3

The Google Webmaster panel index says:

Update: As of 5/14/16, Index Status data precisely reflects the specific URL variant for your verified site (e.g., http://www.example.com data is distinct from https://example.com).

Is this saying the index count for http://www.example.com and https://example.com are now counted separately, and if so is it based on protocol or subdomain?

Clicking the Learn More link (https://support.google.com/webmasters/answer/6211453#indexed) brings me to a page that says

May 15, 2016
A data anomaly caused a dip in the data on this day.

Searching May 15th Google Index brings back a variety of user experiences all showing on that date something happened. The results since then have been varied though. Our site since that day has had a +1.5 million index dip.

Is this a real issue or just a reporting bug? Searching site:example.com brings back the same number the webmaster panel has (so I'm presuming not a bug).

  • 1
    Google treats http and https as separate sites just as it treats any subdomain www or without as separate. If your site is accessible via both means then you have duplicate content, unless your using canonical links and you have set your preferred site within Webmaster Tools. If you haven't already you should add all variations to Webmaster Tools, HTTPS WWW HTTPS NON-WWW, HTTP WWW and HTTP NON-WWW. You must use canonical links or a 301 redirect to avoid sites being treated as separate. – Simon Hayter Oct 10 '16 at 17:47
  • Ohhh, didn't realize the protocol was specific as well. Thanks, our canonicals are <link rel="canonical" href="/dir/page-title" /> we'll have to move those to absolute. So it could just be that on 5/14 Google separated the index counts for http and https? The index count for site:http://www.example.com and site:https://www.example.com is the same – chris85 Oct 10 '16 at 17:53
  • 1
    Google has always counted http and https separately. (They are different URLs.) If the index counts for both are the same then it would suggest you are not canonicalising your URLs (as Simon suggests). – MrWhite Oct 10 '16 at 18:12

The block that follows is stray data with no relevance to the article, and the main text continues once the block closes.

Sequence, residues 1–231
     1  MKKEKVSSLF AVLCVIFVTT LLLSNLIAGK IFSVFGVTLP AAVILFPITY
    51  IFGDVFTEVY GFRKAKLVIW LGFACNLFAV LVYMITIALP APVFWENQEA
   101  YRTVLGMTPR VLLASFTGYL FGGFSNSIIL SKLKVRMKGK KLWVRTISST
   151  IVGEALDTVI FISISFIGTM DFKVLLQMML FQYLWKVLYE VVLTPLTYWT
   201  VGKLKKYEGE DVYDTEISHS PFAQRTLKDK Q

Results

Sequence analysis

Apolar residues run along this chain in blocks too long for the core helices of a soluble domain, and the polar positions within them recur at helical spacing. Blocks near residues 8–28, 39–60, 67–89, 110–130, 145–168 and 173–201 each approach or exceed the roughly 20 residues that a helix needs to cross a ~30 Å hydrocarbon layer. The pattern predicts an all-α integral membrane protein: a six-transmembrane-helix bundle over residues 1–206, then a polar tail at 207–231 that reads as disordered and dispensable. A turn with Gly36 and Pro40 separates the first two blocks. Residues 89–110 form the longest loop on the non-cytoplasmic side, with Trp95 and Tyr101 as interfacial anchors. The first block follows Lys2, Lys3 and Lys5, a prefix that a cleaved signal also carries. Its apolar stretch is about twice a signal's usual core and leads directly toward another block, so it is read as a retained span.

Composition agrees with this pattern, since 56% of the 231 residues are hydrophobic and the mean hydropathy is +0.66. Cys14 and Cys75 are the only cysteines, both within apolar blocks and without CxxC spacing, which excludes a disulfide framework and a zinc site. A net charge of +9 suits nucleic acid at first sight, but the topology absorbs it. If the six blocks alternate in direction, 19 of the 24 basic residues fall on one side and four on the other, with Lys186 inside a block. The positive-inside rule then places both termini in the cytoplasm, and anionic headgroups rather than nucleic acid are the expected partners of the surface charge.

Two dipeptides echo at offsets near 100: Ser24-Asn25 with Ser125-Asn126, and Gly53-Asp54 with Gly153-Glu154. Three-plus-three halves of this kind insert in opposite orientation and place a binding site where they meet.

• 2
    @chris85 For what it is worth, canonical links should always be absolute. From: support.google.com/webmasters/answer/139066?hl=en - Avoid errors: use absolute paths rather than relative paths with the rel="canonical" link element. – closetnoc Oct 10 '16 at 18:13
  • Great, thanks. I'll go to work on this now. Perhaps the May 14th just separated the counts and made the issue prevalent. – chris85 Oct 10 '16 at 18:26
2
+50

As has been stated in the comments above Google treats sites differently based on protocol as well as if they have different sub domains (including www and non www sites). what this means is that...

http://example.com
https://example.com
http://www.example.com
https://www.example.com
http://some-other-sub.example.com

Are all treated as different sites for crawling and indexing purposes.

As a side note there was an unconfirmed update to Google's algorithm on the 10th May 2016, an update I add that Google has not announced or confirmed either, and so this error may have been due to that update as well. The message appears to have hit many other users as well around the same date.

Due to Google's lack of details on this incident there is no real way to know for certain if this was a temporary bug or if this was due to a change in the indexing algorithm. If it was a temporary bug then I would expect your sites index to return to normal, if not then chances are it has been adjusted by an algorithm change.

Additionally I note from your comment that you have canonical links on your site. You should ensure that your canonical links are an absolute URL not a relative path and that the root protocol and domain are the main ones that you want appearing in the Google index and that you want customers to access predominantly. In other words if you want the Google SERP to show your site as https://www.domain.com/whatever then you should make sure that all of your canonical links start with https://www.domain.com/.

  • The count for https://www.example.com and http://www.example.com are the same when searching with site: on Google. With the webmaster panel though there is a noticeable difference between the 2. Is there a way to use the site: search feature to get a live view of the index count? Currently we wait +1 week to see the changes we're trying to take affect. – chris85 Oct 27 '16 at 19:39
  • No there is no way through search to do what you are requesting. The site: flag is meant to allow the searcher to filter results to one site only. Additionally the index count isn't quite live, what happens is the crawler gets a copy of your page, stores a cache of it on Google's caching servers. Then the next step is that the indexing server go through the page and evaluate the appropriate context-specific keywords and add them to Google's inverted index (A generalisation of the process but basically accurate). This can take anywhere up to 2+ weeks to be completed, so not live at all. – Chris Rutherfurd Oct 27 '16 at 23:45

Your Answer

By clicking “Post Your Answer”, you agree to our terms of service, privacy policy and cookie policy

Not the answer you're looking for? Browse other questions tagged or ask your own question.